Both Power Poon and Terry Canup (Timmy’s, Sept.-Oct., 1983, 29) had nice things to say about the $1,000 Louisiana Summer Open, played Aug. 13-14 at Baton Rouge. Power and Tom and Melinda Baudry draw praise from Terry, for they and their Baton Rouge TTC members “who helped with the unloading and loading of the tables, as well as by running the control desk, provided for the nearly100 players a smooth-running tournament.” Terry stated, “That it’s a pleasure not only to play in but to watch a Louisiana Open is proven by the hordes of players who make the more than five-hour drive twice a year from Houston to Baton Rouge. It should also say to the Houston Association, ‘Get your act together and hold a tournament!’ For it’s a sad state of affairs that they’ve not put on one since Eric Boggan won there 18 months ago.”
Power begins his article by talking about the final round robin of the Open Singles—and, yep, three of the four finalists were Houstonians. The winner was Lekan Fenuyi ($200) whose “overwhelming speed and quickness was just too much for anyone to handle.” Canup added that, “Although Fenuyi had earlier lost in the quarter’s of a tournament in his native Nigeria, he’d been prodded to follow a tough training schedule in preparing Perry Schwartzberg for the Pan Am Games, and appears now to have regained most of the world-class form he once had.” Terry felt that runner-up Roberto Byles—in winning two five-game matches with 3rd place finisher and local star Tarek Zohdi and 4th-Place finisher Tunde Jacobs, along with forcing Lekan into a deuce game—“played as well as he has in years.” Both Zodhi and Jacobs had five-game quarter’s matches—Tarek with Terry Ziegler; Tunde with Don Weems.
Jacobs not only took a game from Fenuyi, but it at first seemed to Power that “Tunde was in for an easy win over Zohdi after taking the first two games. But he appeared to become tired in the third game and lost it. Then, instead of taking his optional five-minute rest, he refused it and lost the remaining two games. For Jacobs, who is also from Nigeria, it was only his second tournament in the U.S.—though he’d been residing in Houston for two years. In fact, he was unaware that tournaments existed in the U.S. until he played in the Yasaka Invitational earlier this summer.”
Other Results: Open Doubles: Byles/Weems over Ed Poon/Zohdi who’d upset the #1 seeds, Fenuyi/Ziegler. Women’s Singles: Defending Champion Pigool Kulcharnpises (now or later a.k.a. Peggy Rosen) over Gloria Cadavid, 18 in the 3rd. Mixed Doubles: Fenuyi/Kulcharnpises over Byles/Sarka Dura. A’s: E. Poon over Mohan Suri who’d advanced by Allen Barth, 19 in the 3rd. Suri, rated 1704, surprised Barth and others, largely because “his chops set up his devastating backhand flip.” A Doubles: Ed/Alex Poon over Rick Hopper/Ziegler, 23-21 in the 3rd, then over Jacobs/Eric Owens. B’s: Grady Gordon over Abdul Moghrabi. B Doubles: Hopper/ Dura over William Plue/Sushil Prem, 19 in the 3rd.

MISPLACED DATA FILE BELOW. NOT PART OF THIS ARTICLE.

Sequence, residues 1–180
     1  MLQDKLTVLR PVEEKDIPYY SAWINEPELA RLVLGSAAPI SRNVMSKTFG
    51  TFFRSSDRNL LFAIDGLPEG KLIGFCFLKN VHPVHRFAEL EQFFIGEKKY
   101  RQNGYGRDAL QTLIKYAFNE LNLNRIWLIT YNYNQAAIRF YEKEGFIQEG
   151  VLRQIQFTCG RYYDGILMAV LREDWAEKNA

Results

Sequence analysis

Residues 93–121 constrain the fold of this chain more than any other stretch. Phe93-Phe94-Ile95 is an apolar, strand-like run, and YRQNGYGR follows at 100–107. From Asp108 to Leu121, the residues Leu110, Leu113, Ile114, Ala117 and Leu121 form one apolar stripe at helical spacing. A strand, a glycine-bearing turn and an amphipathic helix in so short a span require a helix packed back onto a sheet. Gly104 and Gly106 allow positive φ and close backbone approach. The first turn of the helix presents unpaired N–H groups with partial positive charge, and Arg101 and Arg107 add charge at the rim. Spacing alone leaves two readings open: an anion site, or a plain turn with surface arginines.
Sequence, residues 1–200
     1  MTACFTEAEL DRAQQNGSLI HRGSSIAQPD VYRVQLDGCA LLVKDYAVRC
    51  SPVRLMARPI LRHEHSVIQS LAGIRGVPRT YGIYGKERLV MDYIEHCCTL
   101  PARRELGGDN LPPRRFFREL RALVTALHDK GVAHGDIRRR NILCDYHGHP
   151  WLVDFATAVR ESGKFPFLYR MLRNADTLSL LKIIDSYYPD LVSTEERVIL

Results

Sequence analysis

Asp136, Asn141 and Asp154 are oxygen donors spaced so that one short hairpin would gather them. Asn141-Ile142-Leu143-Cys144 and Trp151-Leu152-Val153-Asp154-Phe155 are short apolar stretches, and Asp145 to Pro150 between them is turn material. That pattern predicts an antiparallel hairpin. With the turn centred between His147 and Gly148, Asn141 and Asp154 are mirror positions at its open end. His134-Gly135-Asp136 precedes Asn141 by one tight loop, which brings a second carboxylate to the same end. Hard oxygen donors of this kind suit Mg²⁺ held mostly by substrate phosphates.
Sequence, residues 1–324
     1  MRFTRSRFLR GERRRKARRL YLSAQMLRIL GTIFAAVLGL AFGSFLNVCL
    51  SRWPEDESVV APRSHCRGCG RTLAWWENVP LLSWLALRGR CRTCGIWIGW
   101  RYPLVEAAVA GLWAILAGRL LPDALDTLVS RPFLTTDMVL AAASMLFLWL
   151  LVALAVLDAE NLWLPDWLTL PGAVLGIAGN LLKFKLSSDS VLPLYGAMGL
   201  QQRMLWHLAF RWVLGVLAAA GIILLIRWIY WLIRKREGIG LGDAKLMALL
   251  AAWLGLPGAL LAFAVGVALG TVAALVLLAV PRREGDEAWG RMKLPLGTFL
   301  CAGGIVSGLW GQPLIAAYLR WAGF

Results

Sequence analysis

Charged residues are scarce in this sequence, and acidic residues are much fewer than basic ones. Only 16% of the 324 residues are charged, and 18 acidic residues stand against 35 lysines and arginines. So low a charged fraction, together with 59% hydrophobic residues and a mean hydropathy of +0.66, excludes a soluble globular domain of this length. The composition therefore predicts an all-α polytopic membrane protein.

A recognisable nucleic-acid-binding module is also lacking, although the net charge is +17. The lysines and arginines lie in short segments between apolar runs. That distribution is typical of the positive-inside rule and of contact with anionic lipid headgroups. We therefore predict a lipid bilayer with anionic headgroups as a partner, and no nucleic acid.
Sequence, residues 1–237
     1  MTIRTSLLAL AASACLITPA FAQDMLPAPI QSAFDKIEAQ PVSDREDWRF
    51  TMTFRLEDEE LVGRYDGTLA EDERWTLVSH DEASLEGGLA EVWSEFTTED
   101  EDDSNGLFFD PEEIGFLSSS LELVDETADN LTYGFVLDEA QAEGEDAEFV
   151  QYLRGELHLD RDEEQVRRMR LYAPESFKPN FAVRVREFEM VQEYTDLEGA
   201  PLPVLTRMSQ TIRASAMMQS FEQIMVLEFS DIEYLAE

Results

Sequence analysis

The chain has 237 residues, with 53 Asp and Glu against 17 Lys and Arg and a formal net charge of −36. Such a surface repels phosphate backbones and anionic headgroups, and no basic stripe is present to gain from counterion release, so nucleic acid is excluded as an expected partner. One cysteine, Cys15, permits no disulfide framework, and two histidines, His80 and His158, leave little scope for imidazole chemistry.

C’s: William Humphrey over Suri, 19 in the 3rd, then over Moghrabi. D’s: Bud Caughman over George Shofoluwe. E’s: Shofoluwe over Binh Ly. Novice: Frank Waugh over Thu Van Nguyen, 23-21 in the 3rd. Handicap ($110 total for 1st/2nd): James Schiro (son) over Jim Schiro (father). Senior’s: Gordon over P. Poon. U-17’s: Schiro over Owens. U-13: Owens over Jeffrey Cleveland.
Bard Brenner (Timmy’s, Sept.-Oct. 1983, 31) covers the Aug. 27-28 Orlando Summer Open. We learn that visiting Englishman Bob Potton had an easy Championship Singles win over Ron Rigo in the final, and that Brenner had a difficult five-game loss to Pat Patterson in the quarter’s. “Potton,” Brad tells us, “played in the World Championships both for England and, most recently, in Tokyo for the Netherlands, where for a couple of years now he’s been an expatriate player in the professional leagues.”
In the absence of the semi-retired Florida Asian stars Judy Tun and Linda Chong—“they’re currently busy with their new photography store”—Tournament Director Olga Soltesz easily won the Women’s over runner-up “former Jamaican Champion Carla Belnavis and former English player Brenda Tomlinson, both now of Miami.”
Other Results: Championship Doubles: Patterson/Kit Jeerapaet over Lenny Chew/Soltesz. A’s: David Tomlinson (“who in the Championship Singles came out on the short end of a disputed match point to 4th seed John Elliott”) over Brenner who’d advanced by Jeerapaet, 18 in the 3rd. B’s: Clinton Steffan over Steve McLaren, def. C’s: Brian Miezejewski over McLaren. D’s: Dan Kutzer over Larry Beal. E’s: Bruce Schilke over Colin Weyrauch, 19 in the 4th. Consolation: George Bluhm over Al Shears. Semi’s: Bluhm over Miezejewski, -22, 18, 19; Shears over Ray Look, 15, -15, 21. Senior’s: Brenner over Randy Hess.
U.S. Wheelchair Team in Europe
Mike LoRusso tells us (SPIN, Oct., 1983, 20) that after the U.S. had sent a four-player wheelchair team to Stoke-Manville, England, they were joined by eight additional players, and then all went off to the 20-team Aug. 2-4 Vienna International Sports Festival. Mike says, “Our opponents, athletes from Austria, Germany, Sweden, and the Netherlands, as well as elsewhere in the world, were tops. Our experience proved to be exciting, thrilling, and, yes, frustrating, and disappointing, but none of us would have wanted to miss it. Time after time our players, five of them rookies in international table tennis competition, battled our opponents in deuce or third-game situations. In fact, the expression, ‘Oh, another boring deuce game’ was heard again and again.
Here was our roster: Men: Ken Brooks (Silver and Bronze), Sebastian DeFrancesco (Bronze), Mike Dempsey (Bronze), Chuck Focht, Mike LoRusso (Bronze), Bart McNichol (Gold and Silver), Elliott Schloss, and Randy Snow. Women: Jennifer Brown (Silver), Pam Stewart (Bronze), Wanda Strange (Bronze), and Terese Terranova.